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By:  Webb Law Intern Kayla Estes

Is Marijuana Legal Under Federal Law?

Marijuana is currently illegal under federal law. Federal law divides each drug into a “schedule” classification according to its properties. Schedule I drugs include almost all illegal drugs, while Schedule V drugs are the least addicting, such as some cough medicines. Schedule I drugs carry the most severe punishments under federal law.

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Maine’s Move Over Law: Safety for Police Officers and Safety for You

Saco and Portland Maine Criminal Lawyer Katherine Campbell

By: Maine Criminal Defense Attorney Katherine M. Campbell

It is well known that when you see an emergency vehicle driving up behind you with its lights or siren activated, you pull over. But one important law that many motorists fail to follow is Maine’s “Move Over” law which also requires you to move over when an emergency vehicle is stationary on the side of the road.

Maine OUI Field Sobriety Tests

When you are stopped and the officer suspects impairment, they will utilize field sobriety tests to determine possible impairment due to alcohol or drugs. Your performance on these field sobriety tests is used by the officer to develop probable cause for arrest and as evidence in court.

Standardized Tests Versus Non-Standardized Tests

A wide variety of field sobriety tests exist and range in terms of reliability and weight if used in court. There are three standardized tests that are meant to be done identically by every officer to yield the most accurate results. There are also many more non-standardized tests that hold less evidentiary weight, but still can be used by an officer. The three standardized tests are Horizontal Gaze Nystagmus, Walk and Turn, and One Leg Stand.

OUI

Everyone knows someone that has gotten an OUI. And if you don’t know of anyone, a friend of a friend likely has.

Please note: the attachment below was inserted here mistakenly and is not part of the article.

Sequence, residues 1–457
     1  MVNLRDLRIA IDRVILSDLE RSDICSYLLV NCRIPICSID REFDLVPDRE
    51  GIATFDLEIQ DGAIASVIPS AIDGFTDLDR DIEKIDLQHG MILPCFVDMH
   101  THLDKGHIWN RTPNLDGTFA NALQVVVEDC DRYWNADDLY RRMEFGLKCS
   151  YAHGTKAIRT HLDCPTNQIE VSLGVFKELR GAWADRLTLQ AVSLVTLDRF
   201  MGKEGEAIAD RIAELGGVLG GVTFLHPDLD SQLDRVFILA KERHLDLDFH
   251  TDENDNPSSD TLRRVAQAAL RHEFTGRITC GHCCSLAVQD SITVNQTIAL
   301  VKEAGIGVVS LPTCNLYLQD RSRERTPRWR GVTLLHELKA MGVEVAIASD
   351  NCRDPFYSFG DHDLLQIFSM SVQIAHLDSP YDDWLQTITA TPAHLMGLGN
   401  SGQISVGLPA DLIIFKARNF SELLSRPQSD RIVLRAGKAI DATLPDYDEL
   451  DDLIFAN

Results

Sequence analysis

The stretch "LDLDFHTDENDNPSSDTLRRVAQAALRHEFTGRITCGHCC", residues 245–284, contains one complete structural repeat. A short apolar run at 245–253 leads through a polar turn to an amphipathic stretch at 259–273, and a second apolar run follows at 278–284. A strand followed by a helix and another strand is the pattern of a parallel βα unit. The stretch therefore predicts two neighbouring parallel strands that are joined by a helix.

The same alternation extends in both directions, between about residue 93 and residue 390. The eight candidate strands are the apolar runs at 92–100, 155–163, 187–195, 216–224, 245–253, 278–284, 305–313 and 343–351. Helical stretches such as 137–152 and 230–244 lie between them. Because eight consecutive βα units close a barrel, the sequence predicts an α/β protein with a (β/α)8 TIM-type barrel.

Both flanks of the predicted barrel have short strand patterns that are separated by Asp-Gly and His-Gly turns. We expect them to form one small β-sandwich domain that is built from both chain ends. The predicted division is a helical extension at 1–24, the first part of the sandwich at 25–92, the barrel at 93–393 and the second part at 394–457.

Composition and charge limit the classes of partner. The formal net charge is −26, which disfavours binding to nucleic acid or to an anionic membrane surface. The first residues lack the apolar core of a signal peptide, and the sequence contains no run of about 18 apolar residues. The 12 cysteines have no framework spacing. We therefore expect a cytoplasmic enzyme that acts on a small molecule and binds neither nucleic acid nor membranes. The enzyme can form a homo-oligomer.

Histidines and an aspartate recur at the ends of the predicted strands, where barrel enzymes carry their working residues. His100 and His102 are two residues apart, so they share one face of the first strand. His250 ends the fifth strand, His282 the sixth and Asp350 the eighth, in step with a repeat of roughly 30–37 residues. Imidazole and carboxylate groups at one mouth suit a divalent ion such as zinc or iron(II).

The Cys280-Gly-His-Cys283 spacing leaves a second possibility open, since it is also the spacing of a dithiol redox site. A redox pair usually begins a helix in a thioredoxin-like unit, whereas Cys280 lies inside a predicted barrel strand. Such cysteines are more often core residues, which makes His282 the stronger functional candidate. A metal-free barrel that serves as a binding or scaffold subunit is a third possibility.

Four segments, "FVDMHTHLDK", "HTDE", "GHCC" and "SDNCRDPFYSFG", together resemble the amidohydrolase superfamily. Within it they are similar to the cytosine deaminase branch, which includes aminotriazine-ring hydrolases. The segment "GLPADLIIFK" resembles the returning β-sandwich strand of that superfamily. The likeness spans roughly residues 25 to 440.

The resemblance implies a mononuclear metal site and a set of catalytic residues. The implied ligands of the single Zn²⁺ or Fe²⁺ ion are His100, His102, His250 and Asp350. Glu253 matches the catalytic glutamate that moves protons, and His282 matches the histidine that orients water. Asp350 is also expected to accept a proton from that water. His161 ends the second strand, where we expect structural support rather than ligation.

To give you an idea, in 2016, there were 8594 arrests relating to driving under the influence. This does not mean convictions of any crimes.

Getting pulled over for an OUI can happen relatively easily, and unfortunately, most often, you are guilty until proven innocent. And the way to prove your innocence can also condemn you in a court of law.

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oui maine

Operating under the influence (OUI) is a charge known as DUI in other states, which tends to be the more recognized acronym.

Being charged with an OUI means that you were driving or trying to operate a vehicle (that’s any motorized vehicle) while under the influence of drugs or alcohol.

For an OUI in Maine, the legal limit for alcohol in your blood or breath is 0.08%. If you’re over this, you can be charged with an OUI.

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Maine Lawyers Katie Campbell and John Webb

Revised September 20, 2019 by John Webb and Katie Campbell

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The Difference Between Sexual Assault and Rape Charges

If you have been charged with sex crime charges, you need to understand the allegations so your criminal law attorney can respond (on your behalf) accordingly. The first thing to do is not talk to any police investigator without legal representation by an experienced sex crimes attorney. Only those convicted will be placed on the registered sex offender list.